Even as a boy I was continually mystified, and occasionally perplexed, by the operation of the carburettor. The myriad of main jets, air correction jets and emulsion tubes and the science on the fixed jet DCOE was a veritable minefield for the inexperienced, but once mastered, the satisfaction of getting an engine to start let alone run sweetly on the road or track, was reward in itself. The arrival of electronic fuel injection with its altogether totally different approach was greeted with relief more than any other emotion, not least because it solved the perennial problem of under bonnet packaging of large carburettors. But although the fuel could be controlled more precisely, in order to provide the optimum combustible mixture, the problem of estimating the air flow rate remained.
The two most important parameters in determining the air trapped within the cylinder at any given engine condition are speed and volumetric efficiency. While the former is relatively simple to measure, the volumetric efficiency is in itself a function of many parameters – things like engine capacity, valve opening and closing events and intake and exhaust system design, to name but a few. For the sake of simplicity, all these can be approximated to a single measurement of the throttle angle and hence the concept of Alpha-N systems came about. Fuel pulse width value was therefore computed purely as a function of engine speed and throttle angle. Although this system works and will often work much better than a poorly set up carburettor, it lacks finesse and not taking into account parameters like the intake manifold pressure, may introduce drivability issues at some stage. But as a basic system, Alpha-N is usually more than adequate for the average club track car where long periods of wide-open throttle are used. However, any engine changes, however slight, will inevitably need a complete dyno re-map.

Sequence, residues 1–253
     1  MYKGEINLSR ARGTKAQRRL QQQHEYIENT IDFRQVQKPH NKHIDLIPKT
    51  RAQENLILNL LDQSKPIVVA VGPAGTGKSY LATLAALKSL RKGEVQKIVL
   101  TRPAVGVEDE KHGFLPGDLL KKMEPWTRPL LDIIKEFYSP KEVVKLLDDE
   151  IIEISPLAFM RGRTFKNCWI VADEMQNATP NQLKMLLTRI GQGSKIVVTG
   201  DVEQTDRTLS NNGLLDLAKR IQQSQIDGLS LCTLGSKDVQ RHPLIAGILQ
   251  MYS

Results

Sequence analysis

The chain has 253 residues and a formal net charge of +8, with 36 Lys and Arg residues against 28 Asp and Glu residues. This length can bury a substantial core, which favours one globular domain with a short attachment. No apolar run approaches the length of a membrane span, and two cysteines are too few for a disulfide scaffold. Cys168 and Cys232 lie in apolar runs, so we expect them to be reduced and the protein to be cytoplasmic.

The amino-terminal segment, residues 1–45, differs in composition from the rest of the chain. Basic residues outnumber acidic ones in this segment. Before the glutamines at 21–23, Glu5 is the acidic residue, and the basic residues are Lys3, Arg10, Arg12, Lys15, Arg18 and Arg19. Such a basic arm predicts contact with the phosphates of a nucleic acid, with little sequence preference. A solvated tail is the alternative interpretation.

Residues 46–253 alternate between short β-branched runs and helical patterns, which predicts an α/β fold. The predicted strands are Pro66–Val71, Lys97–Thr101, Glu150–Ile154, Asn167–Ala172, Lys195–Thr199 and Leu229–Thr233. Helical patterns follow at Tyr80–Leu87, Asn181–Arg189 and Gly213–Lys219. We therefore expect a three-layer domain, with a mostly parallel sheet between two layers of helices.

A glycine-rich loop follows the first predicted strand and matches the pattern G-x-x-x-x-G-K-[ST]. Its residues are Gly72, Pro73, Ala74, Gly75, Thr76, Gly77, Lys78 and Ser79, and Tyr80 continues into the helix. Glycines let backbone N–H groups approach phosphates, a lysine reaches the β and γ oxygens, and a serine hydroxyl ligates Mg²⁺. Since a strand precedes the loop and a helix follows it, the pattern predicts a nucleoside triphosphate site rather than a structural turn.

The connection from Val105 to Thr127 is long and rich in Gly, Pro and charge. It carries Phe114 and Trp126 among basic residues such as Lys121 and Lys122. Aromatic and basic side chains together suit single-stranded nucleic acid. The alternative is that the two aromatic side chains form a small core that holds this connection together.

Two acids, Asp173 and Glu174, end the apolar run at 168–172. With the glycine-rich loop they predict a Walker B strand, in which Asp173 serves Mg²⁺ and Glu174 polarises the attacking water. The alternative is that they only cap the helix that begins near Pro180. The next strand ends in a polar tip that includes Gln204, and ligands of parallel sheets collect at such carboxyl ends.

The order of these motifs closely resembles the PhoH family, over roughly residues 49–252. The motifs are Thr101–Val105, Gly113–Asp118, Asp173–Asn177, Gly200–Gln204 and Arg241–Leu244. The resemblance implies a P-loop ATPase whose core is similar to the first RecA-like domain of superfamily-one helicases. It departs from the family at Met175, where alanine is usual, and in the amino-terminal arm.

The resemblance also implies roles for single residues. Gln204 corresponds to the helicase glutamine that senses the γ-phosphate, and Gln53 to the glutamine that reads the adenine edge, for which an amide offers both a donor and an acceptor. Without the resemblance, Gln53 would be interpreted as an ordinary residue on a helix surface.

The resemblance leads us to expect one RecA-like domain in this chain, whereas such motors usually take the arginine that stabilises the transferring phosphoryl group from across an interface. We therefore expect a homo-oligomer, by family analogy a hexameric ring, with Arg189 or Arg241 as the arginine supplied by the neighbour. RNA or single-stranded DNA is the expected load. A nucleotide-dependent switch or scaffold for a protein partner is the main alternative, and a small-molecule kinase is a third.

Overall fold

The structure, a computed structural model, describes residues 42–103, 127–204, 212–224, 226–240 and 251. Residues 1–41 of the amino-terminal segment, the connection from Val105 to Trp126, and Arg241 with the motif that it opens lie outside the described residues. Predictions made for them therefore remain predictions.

Most high performance road cars today run mass air flow meters. Based on the hot wire principal, these measure the cooling effect of the stream of engine intake air across a heated platinum wire and hence can calculate the precise amount of air flowing at the time. Changes to the throttle angle simply reduce the amount of air and likewise any minor changes to the engine will not necessarily demand recalibration of the whole system. The downside to MAF meters is that in some applications they may be difficult, nay even impossible to install. Generally incorporated into the intake of an air box and integral with the throttle assembly, these need to be installed where the flow is ideally laminar and non-pulsating because although the meter can measure the flow, it cannot necessarily determine its direction.
An alternative to either of the above is the speed-density approach. A modified version of the Alpha-N system, the air mass flow is calculated based on manifold intake pressure, air temperature and engine rpm. Knowing the air intake pressure and temperature, and with an appreciation of the universal gas laws, the intake air density can be deduced. And if the volumetric efficiency of the engine is determined then at any position of engine speed and manifold pressure the true air mass flow can be calculated. In any speed-density system therefore careful mapping of the volumetric efficiency is essential.
As an alternative to carburettor ‘tuning’, engine management systems may be easier to understand but the task of refining the calibration to one that matches the demand of the engine, is no less exacting.
Written by John Coxon.